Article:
The majority of participants were aged 16 or 17 (80%) and identified themselves as black (70%) and non--Hispanic (77%). Forty-seven percent lived with their biological mother and no biological father or stepfather, 30% with both a biological mother and a father figure, 3% with their biological father only and the rest in other arrangements (e.g., with grandparents, aunts, siblings or a friend's family). A majority of participants (60%) lived in households in which someone received public assistance; a similar proportion (73%) considered themselves somewhat or very religious. Only 7% of participants had ever been pregnant before, and 70% were terminating pregnancies before 12 weeks’ gestation. Ninety percent were having surgical abortions.

Our sample could be divided into three groups according to parental notification status: Fourteen participants had voluntarily told a parent about their pregnancy and abortion decision, and nine had not told a parent; seven had initially decided not to tell, but had been pressured into telling or said that a third party had notified their parents. When asked if they agreed that there should be a law requiring teenagers to tell their parents or guardians about their decision to get an abortion, the majority (22) ultimately did not; the rest either agreed (four) or were undecided (four) about the law. A participant's notification status did not necessarily determine her opinion of the law; each group defined by notification status contained minors with negative opinions and minors with positive or ambivalent opinions.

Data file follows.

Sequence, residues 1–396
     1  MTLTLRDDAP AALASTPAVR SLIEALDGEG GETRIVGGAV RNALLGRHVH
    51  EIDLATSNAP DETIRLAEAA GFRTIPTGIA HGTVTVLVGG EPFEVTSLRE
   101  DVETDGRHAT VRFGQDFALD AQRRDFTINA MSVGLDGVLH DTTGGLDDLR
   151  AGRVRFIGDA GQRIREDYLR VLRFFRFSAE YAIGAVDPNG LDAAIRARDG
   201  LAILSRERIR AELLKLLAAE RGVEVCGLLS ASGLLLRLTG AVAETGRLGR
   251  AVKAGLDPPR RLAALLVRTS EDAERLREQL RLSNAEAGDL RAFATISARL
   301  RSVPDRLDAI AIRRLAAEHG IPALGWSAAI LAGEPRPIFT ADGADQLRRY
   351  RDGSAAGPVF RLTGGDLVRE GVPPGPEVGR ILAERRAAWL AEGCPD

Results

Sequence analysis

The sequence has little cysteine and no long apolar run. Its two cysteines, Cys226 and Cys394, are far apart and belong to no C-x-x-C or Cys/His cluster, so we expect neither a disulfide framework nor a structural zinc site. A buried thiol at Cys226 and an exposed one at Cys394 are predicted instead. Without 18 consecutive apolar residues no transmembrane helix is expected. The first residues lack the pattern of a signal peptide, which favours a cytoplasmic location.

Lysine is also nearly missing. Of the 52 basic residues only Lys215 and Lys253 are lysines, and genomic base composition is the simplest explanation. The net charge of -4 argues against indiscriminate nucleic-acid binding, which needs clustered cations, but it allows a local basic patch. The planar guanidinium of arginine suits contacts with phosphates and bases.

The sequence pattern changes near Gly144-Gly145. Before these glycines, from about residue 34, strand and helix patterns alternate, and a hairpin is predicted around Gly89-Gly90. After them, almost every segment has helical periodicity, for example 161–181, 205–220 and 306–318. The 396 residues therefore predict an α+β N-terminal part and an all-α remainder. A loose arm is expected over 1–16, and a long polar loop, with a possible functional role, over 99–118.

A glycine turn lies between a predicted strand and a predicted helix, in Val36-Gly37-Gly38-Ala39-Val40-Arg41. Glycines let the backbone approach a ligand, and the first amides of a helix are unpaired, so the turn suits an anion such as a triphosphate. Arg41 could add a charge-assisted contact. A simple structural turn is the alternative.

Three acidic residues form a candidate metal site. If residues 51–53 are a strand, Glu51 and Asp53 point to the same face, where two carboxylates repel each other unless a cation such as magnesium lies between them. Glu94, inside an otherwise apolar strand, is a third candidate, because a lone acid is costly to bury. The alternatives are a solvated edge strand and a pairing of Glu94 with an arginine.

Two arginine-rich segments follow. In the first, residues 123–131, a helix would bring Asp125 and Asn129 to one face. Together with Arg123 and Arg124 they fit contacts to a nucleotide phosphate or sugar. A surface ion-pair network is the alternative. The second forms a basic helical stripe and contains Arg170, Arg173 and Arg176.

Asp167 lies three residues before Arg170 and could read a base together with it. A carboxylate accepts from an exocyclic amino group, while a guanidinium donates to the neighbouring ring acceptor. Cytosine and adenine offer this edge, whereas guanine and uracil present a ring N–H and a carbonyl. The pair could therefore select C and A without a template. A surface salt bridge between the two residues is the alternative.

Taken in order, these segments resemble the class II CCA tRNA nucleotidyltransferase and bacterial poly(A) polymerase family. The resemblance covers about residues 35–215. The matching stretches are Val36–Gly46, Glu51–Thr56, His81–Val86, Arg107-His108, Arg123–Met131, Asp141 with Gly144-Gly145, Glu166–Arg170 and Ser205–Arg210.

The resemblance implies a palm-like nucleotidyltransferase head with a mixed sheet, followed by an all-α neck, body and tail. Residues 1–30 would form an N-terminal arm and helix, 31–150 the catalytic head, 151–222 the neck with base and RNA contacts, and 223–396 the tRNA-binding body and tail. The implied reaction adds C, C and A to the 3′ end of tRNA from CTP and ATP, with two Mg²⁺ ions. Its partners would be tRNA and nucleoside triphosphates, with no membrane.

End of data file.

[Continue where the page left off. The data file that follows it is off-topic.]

Participants were classified as either younger (aged 14 or 15) or older (aged 16 or 17) adolescents. The majority of both subgroups felt negatively about the law (66% and 75%, respectively). However, age appeared to be related to a participant's notification status. Among younger minors, participants either had voluntarily told a parent (50%) or had been pressured into telling or subject to third-party notification (50%). In contrast, most older minors had either told a parent (46%) or decided not to tell (37%); only 17% had been pressured into telling or subject to third-party notification. Nearly all participants discussed additional people they had voluntarily told about the pregnancy or abortion, including boyfriends, friends, aunts, sisters, cousins, grandparents and boyfriends’ family members.

Negative Opinions

One of the strongest themes was a concern that the parental involvement law could harm minors. Participants identified a potential for both subjective harms (parental judgment and loss of autonomy) and objective harms (parental abuse and forced continuation of pregnancy).


•Loss of reproductive autonomy. Many participants felt that mandatory parental notification would diminish minors’ reproductive autonomy. One 17-year-old who had voluntarily told her parents expressed the sentiment of many when she said, "I wouldn't like the law at all. … It's your decision of who you tell and who you don't tell." Participants were concerned that the law would force minors to notify a parent whom they would not have otherwise chosen to tell. Another 17-year-old who had told her parents stated, "I think it should be your choice, because if you don't want your parents to see you in that way and it's really hard for you to talk to them, then I think it should be your choice." A 17-year-old who had not told her parents pointed out that parents are not necessarily the people whom adolescents most trust:

"I think that, well, the parental notification thing is, is unfair. And I chose to tell my boyfriend and his mother because those are the two people that I trust most to know. … I think teens should be able to tell people that they trust, and that's not always your parent."